Flora e vegetazione

Flora and vegetation of Lake Orta


The Italian prealpine lakes, in addition to their great landscape charm, are an important reservoir of animal and vegetable life. Along the lake banks alternate different ecological conditions that result in various aquatic and marsh environments, each of which hosts specialized plant essences.

In natural conditions, the vegetation of the lakes occupies every available space from the shallow seabed to the back banks influenced by fluctuating water levels.

The oligotrophic waters of the lake are home to the specialized macrophyte cenosis able to go up to a depth of 4-5 meters on average. An example of an aquatic species is the common water millefeuille (Myriophyllum spicatum).

At seabeds with a depth of about 2-3 meters, the populations of aquatic plants rooted on the bottom with floating leaf apparatuses, such as the elegant amphibious polygon (Persicaria amphibia) whose rosy inflowers color the lake surface, are affirmed.

Near the shores, in shallow water, the communities of small perennial amphibian aquatic herbs develop. Among these stands out the very rare aquatic fern known as lake squid (Isoëtes echinospora), found only recently in the waters of the lake.

The seasonal lowering of the level of lake water favors, at the beaches, the affirmation of annual and pioneering herbaceous vegetation such as the small and rare limouse (Limosella aquatica).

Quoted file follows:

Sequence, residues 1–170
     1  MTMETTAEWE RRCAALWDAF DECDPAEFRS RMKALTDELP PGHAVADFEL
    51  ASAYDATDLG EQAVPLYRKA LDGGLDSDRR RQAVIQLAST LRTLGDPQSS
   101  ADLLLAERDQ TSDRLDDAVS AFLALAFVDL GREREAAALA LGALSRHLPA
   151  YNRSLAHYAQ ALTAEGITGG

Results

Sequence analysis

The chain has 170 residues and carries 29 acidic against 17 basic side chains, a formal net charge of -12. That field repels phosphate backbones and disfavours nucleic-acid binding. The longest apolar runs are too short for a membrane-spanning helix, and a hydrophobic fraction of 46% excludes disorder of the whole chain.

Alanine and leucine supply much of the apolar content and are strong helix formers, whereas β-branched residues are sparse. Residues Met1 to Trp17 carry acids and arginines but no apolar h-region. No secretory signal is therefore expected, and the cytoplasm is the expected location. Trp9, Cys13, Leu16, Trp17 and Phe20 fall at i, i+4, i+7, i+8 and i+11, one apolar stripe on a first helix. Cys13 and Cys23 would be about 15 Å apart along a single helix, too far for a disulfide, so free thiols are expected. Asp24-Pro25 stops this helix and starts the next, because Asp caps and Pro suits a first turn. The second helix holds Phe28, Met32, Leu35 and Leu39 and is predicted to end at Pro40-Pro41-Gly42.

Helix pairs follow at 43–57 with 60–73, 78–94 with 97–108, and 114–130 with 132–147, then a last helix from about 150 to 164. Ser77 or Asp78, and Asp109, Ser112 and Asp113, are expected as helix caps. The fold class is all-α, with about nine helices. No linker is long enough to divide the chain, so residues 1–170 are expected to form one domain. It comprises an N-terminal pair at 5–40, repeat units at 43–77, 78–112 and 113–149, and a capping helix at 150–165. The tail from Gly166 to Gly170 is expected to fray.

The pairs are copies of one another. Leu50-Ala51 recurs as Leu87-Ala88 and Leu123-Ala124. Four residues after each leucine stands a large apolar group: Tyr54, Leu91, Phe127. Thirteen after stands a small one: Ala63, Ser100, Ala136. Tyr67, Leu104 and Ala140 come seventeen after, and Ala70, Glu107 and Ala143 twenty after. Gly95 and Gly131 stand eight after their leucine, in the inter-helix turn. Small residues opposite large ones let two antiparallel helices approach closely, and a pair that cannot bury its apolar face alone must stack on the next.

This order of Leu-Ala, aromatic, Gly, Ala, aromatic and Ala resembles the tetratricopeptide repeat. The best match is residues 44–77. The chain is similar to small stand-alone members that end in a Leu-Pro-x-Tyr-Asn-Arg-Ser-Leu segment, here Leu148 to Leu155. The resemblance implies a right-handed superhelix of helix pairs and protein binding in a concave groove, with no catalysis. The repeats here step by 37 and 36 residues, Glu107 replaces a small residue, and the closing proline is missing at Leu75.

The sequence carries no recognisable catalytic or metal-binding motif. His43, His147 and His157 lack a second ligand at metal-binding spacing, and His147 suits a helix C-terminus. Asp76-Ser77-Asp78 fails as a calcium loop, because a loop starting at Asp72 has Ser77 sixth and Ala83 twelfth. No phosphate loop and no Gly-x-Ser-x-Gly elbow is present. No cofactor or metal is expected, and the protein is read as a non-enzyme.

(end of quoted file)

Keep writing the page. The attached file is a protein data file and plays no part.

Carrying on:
The well-known swamp straw (Phragmites australis) is the main constituent of reeds or coastal fragmitetes, which settle along the shores of the lake thanks to the vigorous radical apparatus periodically submerged. Reeds of a certain extent, in addition to being a natural element of undisputed landscape beauty, constitute a unique environment able to favor protection and nesting to numerous ornithic species.

Magnocariceti are plant communities of burial consisting of the large cespi of the spondycola sedule (Carex elata), among which the marsh fern (Thelypteris palustris) appears. Once upon a time, communities of burial with large sedge were mowed annually to obtain plant material that, once dried, was an excellent material for stuffing chairs.

Close to the lake develop the marshy hygrophilic woods with black alder (Alnus glutinosa), a plant able to settle on water-soaked stems. In the marshy undergrowth are interesting species such as the beautiful Valerian marshes (Valerian dioica).